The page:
Friday, November 11, 2005

Using the Senses to Create a Romantic Mood

Using the Senses to Create a Romantic Mood Ruth D. Kerce

Your action is heart-pounding, your dialogue snappy, your
introspection soul-revealing. So why are your love scenes flat and
uninspiring? A romantic scene should include as many of the senses as
possible to create a sensual or sexy mood that will hold a reader's
attention. To see how the five senses can make a scene come alive,
let's look at examples from both the hero and heroine's point of view
using sight, smell, touch, hearing, and taste.

SIGHT - from the hero's point of view:
She stepped out of the bedroom dressed in a skimpy black outfit that
barely held in her ample breasts. His breath caught in his throat at
the sight of her. The spiked, red heels she wore displayed her long
legs to perfection, and his mind reeled from fantasies of those legs
wrapped around, squeezing him tightly.

SIGHT - from the heroine's point of view:
She had to force herself not to stare. Instead, she studied him from
beneath lowered lashes. How could a man in a simple business suit
look so sexy? He didn't wear it simply, but like it was tailor-made
for him. She didn't know where his jacket was. That was all right.
She enjoyed the view of his open collar, displaying tanned skin
beneath, his sleeves rolled up to right below the elbows. His creased
pants hugged his thighs just enough to hint at what lay hidden from
her view.

SMELL - from the hero's point of view:
Her perfume mingled with her own unique scent. It wasn't
overpowering, like some women's, but tantalizing, wafting around him
like a soft mist. He wanted to hold her close and inhale its
essence--and hers.

SMELL - from the heroine's point of view:
The scent she'd come to associate with him drifted across the room.
He was near. Her body responded to the woodsy fragrance, and she grew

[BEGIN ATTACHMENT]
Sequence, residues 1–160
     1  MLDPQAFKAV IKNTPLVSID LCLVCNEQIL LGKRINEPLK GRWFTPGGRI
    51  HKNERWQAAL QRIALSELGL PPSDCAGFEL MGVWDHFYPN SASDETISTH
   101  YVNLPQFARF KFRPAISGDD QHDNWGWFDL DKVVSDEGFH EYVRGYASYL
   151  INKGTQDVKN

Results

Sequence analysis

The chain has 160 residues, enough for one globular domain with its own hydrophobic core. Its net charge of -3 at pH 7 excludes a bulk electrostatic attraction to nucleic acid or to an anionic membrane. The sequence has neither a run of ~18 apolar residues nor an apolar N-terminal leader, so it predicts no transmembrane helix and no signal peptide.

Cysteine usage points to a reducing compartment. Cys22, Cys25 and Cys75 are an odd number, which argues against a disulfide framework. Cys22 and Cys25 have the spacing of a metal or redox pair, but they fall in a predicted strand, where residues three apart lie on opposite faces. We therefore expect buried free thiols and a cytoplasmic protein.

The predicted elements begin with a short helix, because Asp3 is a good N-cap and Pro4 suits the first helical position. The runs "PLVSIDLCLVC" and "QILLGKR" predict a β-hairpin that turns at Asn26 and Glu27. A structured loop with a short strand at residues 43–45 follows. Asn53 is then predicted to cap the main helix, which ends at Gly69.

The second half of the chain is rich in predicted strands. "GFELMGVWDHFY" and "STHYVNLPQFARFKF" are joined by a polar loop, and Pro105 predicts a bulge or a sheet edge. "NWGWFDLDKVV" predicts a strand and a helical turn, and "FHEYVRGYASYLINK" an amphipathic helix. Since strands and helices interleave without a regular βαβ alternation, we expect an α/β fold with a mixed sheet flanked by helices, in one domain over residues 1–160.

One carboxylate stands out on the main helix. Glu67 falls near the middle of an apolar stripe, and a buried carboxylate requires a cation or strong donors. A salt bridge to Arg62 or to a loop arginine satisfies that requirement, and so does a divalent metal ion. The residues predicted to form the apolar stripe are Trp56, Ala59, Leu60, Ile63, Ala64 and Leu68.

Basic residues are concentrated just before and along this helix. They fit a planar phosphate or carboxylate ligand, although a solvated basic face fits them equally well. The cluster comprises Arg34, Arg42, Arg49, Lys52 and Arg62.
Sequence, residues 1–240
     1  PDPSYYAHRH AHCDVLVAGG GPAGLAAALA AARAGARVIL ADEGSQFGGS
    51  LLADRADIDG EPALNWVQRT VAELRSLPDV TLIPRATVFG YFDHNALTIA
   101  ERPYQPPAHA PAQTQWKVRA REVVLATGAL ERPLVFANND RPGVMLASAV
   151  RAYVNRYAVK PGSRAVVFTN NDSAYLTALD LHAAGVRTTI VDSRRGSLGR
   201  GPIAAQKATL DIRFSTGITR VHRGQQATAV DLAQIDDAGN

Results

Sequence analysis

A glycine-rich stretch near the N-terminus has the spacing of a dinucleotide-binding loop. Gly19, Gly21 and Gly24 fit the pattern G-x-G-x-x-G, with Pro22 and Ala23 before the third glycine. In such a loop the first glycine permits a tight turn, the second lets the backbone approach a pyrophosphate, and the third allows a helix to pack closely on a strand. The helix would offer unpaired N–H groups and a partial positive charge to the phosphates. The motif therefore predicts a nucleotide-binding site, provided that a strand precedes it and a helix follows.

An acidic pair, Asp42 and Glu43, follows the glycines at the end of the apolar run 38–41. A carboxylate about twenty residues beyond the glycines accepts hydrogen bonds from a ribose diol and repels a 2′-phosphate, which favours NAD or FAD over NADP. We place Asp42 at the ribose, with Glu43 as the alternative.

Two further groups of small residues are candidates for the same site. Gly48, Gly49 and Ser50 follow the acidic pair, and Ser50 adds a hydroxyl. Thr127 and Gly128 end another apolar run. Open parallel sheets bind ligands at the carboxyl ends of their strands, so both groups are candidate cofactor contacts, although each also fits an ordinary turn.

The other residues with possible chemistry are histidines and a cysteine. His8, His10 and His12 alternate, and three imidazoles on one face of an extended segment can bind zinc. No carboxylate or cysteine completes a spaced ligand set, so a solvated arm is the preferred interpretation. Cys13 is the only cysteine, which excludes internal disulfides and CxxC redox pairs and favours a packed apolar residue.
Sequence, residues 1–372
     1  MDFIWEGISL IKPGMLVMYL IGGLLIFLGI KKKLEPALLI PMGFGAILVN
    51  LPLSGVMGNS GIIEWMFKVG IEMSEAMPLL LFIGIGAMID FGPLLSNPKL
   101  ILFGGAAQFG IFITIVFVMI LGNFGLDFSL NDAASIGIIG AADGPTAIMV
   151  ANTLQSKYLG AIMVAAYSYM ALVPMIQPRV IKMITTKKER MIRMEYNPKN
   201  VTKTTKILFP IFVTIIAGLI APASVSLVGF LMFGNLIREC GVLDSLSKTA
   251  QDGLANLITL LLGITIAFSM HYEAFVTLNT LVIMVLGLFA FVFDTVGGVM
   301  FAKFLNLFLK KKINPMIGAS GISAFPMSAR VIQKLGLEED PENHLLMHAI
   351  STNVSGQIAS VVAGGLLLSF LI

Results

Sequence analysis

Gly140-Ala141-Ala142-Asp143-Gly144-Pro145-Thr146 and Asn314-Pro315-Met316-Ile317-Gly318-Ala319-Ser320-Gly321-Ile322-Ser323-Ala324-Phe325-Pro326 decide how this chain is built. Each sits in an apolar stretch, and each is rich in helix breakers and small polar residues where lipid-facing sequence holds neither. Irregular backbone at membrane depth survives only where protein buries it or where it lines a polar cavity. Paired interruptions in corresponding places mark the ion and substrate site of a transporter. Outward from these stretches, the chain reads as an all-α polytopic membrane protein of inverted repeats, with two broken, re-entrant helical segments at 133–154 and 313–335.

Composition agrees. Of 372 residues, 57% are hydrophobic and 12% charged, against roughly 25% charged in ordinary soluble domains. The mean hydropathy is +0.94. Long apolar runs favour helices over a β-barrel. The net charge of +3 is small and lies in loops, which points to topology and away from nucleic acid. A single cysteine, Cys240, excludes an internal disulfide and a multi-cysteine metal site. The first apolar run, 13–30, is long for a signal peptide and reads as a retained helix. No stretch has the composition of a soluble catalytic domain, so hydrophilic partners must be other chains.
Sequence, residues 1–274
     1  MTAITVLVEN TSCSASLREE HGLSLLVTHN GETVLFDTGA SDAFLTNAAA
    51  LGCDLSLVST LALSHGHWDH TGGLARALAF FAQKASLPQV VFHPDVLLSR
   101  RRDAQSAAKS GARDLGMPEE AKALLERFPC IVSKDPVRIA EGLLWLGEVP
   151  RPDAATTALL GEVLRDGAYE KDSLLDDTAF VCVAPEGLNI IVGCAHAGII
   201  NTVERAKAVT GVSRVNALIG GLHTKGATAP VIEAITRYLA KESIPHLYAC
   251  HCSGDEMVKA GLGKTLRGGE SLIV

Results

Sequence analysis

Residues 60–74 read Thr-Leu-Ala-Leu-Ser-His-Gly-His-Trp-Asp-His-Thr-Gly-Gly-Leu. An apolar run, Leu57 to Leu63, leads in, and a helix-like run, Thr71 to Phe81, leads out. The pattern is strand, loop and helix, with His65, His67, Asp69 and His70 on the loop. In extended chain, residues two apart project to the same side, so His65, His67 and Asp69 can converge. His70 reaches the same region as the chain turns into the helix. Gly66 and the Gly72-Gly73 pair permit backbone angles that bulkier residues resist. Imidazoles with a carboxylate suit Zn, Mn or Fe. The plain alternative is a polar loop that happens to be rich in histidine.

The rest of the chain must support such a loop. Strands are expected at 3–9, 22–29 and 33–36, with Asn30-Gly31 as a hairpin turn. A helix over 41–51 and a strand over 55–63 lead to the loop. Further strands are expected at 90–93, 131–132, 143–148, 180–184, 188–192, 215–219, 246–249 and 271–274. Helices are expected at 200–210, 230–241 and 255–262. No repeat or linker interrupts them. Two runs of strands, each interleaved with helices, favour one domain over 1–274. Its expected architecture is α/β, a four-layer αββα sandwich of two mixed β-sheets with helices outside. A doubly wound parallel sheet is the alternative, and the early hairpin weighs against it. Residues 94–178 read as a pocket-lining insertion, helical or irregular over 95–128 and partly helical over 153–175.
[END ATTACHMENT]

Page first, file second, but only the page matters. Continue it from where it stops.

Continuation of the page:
hot with desire. The need to be surrounded by his unique aroma made
her turn and seek him out.

TOUCH - from the hero's point of view:
He had to touch her. He remembered the feel of her skin too much not
to. Soft and cool, like satin. Silky enough to make any man beg for
more. His fingertips trailed down her body, seeking intimate contact
with her warm, moist core.

TOUCH - from the heroine's point of view:
Her fingers grazed the hard muscles of his bare chest. She loved the
contained strength he possessed. His skin was always warm when she
touched him, and she wondered if it was his natural state or if she
was the cause. A tantalizing thought.

HEARING - from the hero's point of view:
When she spoke, the world stopped. Nothing else penetrated but the
sweet sound of her voice--passionate enough to bring his body alert,
tender enough to send him to his knees.

HEARING - from the heroine's point of view:
The deep, sexy timbre of his voice--slightly scratchy, like he always
needed to clear his throat--caused her body to tremble with
anticipation. He slowly pulled down his zipper, and she grew weak at
the grating sound.

TASTE - from the hero's point of view:
His lips trailed down her body, and the spicy taste of her sent him
over the edge into the depths of desire. He wanted to savor every
inch of her, to explore the different flavors hidden in secret
places. He felt like a starving man, finally feasting on the most
delicious of oral delights.

TASTE - from the heroine's point of view:
She longed for one more kiss from him. He tasted of brandy, mint, and
something unique that made her want him with a desperation she'd
never felt for another man. Her tongue swept over her bottom lip, and
she swore his taste lingered there.

These are simple examples of how you can incorporate the senses into
your scenes. By using each of the senses, you will paint a more vivid
picture. Your desire is to draw in the reader, to make their senses
come alive with your descriptions. Make the reader feel as if he/she
is in the scene and experiencing the same sensations as your hero or
heroine. Do this and you'll have your readers coming back for more.

Subject: RSW: Setting up an emotional moment

by Hal Croasmun

Have you ever noticed that even though a great story has big moments,
it is also filled with many small emotional moments?

Yesterday, as I watched FOR LOVE OF THE GAME, there was a small
emotional moment in the story that surprised me. In the eighth
inning, an outfielder catches a ball that would have gone over the
wall and been a home run. Normally, you'd feel excitement or relief
at something like that, but the feeling was deeper -- more like

Why did we feel redemption? Because the writer set it up. Not the
director or actor or producer or even the studio. The writer designed
that moment.
Naturally, I began searching for what caused that emotion. As always,
my purpose is to discover the structure so you and I can duplicate